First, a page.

You do not have to be good. You do not have to walk on your knees for a hundred miles through the desert repenting. You only have to let the soft animal of your body love what it loves. Tell me about despair, yours, and I will tell you mine. Meanwhile the world goes on. Meanwhile the sun and the clear pebbles of the rain are moving across the landscapes, over the prairies and the deep trees, the mountains and the rivers. Meanwhile the wild geese, high in the clean blue air, are heading home again. Whoever you are, no matter how lonely, the world offers itself to your imagination, calls to you like the wild geese, harsh and exciting over and over announcing your place in the family of things.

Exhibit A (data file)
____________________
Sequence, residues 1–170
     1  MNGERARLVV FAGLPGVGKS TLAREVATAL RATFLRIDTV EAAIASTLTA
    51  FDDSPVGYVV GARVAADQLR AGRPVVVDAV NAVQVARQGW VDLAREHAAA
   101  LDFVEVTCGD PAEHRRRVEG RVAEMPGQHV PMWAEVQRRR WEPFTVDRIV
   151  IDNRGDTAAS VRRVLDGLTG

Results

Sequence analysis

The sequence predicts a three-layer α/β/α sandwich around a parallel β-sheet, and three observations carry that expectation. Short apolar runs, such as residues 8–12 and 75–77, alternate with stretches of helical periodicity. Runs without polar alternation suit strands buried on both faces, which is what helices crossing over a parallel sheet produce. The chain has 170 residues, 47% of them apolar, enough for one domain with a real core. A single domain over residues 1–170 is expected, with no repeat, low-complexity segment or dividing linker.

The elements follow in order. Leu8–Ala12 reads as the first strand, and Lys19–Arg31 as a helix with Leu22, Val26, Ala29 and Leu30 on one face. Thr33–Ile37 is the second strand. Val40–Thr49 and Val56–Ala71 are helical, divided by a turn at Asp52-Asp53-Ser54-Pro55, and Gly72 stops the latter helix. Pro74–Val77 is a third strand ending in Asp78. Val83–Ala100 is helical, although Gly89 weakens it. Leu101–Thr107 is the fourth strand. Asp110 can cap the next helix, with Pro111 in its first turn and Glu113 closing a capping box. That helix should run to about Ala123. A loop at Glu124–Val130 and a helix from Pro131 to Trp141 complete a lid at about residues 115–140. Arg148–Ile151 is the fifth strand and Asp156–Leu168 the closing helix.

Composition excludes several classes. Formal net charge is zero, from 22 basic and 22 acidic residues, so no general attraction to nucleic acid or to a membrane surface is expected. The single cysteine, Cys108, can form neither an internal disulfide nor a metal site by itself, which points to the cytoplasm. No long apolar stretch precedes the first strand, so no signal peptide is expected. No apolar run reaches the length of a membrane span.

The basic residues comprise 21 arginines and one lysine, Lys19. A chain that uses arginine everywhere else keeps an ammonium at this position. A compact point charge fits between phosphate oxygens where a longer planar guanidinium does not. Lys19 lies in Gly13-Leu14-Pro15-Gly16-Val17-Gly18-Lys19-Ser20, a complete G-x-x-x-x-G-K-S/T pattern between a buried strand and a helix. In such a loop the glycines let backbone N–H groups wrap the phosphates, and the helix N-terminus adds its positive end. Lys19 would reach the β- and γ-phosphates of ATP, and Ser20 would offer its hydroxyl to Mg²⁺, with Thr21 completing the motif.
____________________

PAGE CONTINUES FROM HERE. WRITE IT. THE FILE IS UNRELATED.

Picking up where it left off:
from Dream Work by Mary Oliver published by Atlantic Monthly Press © Mary Oliver
I love Mary Oliver’s poetry. There are just some lines that resonate in my head and want to be mouthed over and over to feel the sound of it in my head and lips. This is one of those poems.
“You only have to let the soft animal of your body love what it loves.”
The soft animal of your body.
The soft animal.
The feel of a cat or bird as you hold them, that velvet softness that gives with each touch like a feather pillow, pulsing with breath and heartbeat and fragility.
You embrace your fragility, your humanity and accept that this is who I am and that I cannot change what I am or who I love. The rest of the world is just going to have to accept that, you cannot force yourself to change by torture or breaking off bits of yourself. You must accept the bumps and hollows, the cracks and fissures in order to shore them up.